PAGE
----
Nova Scotia is a cancer research leader, both nationally and internationally. Cancer Care Nova Scotia
plays a significant role in its development as one of the fastest growing cancer research communities in the country. Cancer Care Nova Scotia
has established the Peggy Davison Cancer Research Scientist Award
, worth $600,000, to help build an expert team in cancer health services research – ultimately improving outcomes for cancer patients. It also funds the Norah Stephen Oncology Scholar Awards
, student research awards designed to foster an interest in the field of oncology. Each year, 12 awards of $5000 each are presented to students to pursue cancer-related research or clinical training and experience projects. To date, 80 students have received the award and 24 have continued on or have plans to continue on in the field of cancer.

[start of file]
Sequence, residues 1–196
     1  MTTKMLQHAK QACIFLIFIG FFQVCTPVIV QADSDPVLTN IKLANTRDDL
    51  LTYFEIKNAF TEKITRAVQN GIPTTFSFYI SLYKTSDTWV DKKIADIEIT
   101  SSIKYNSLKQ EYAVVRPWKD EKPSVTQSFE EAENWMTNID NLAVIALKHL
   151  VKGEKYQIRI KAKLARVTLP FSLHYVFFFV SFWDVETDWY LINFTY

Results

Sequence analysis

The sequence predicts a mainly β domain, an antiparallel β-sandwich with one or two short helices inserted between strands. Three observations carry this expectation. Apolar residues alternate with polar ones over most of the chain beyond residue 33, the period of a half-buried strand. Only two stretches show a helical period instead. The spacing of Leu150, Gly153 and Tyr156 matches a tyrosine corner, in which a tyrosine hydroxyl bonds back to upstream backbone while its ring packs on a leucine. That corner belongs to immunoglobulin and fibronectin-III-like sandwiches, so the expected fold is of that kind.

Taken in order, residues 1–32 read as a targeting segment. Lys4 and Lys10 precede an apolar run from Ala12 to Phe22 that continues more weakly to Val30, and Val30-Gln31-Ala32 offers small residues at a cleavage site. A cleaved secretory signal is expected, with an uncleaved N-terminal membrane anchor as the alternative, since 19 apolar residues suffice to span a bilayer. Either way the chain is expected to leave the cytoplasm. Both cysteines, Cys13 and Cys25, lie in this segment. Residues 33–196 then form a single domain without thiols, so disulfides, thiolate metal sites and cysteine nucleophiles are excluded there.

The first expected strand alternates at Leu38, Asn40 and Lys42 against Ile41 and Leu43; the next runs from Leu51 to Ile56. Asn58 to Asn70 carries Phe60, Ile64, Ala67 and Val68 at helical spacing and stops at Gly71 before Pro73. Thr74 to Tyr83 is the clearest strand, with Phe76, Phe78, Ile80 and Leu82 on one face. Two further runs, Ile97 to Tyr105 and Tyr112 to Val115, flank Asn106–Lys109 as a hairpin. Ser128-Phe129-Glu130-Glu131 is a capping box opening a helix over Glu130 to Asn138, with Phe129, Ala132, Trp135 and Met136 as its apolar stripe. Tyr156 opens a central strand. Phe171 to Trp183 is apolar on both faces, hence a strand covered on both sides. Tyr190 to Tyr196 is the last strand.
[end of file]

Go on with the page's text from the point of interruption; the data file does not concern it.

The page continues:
Researchers at Dalhousie University are receiving $1.8 million over six years to develop and operate a training centre for cancer researchers, funded in part by Cancer Care Nova Scotia
. The funding is improving the quality of cancer care and bringing significant economic benefit to Nova Scotia.
Atlantic Canada has the highest rates of cancer in Canada. The Atlantic Partnership for Tomorrow’s Health is a 30-year cancer prevention study that seeks to determine the impact of various Atlantic Canada-specific health and lifestyle factors on cancer risk. To learn more, visit www.atlanticpath.ca
Atlantic Clinical Cancer Research Unit (ACCRU) is the oncology clinical trial unit, operated by Capital Health, in conjunction with Dalhousie University, since 1995. Current trial treatment options include chemotherapy, hormone therapy, radiation therapy and new molecular therapies, all of which are designed to compare treatments for best results and fewest side effects.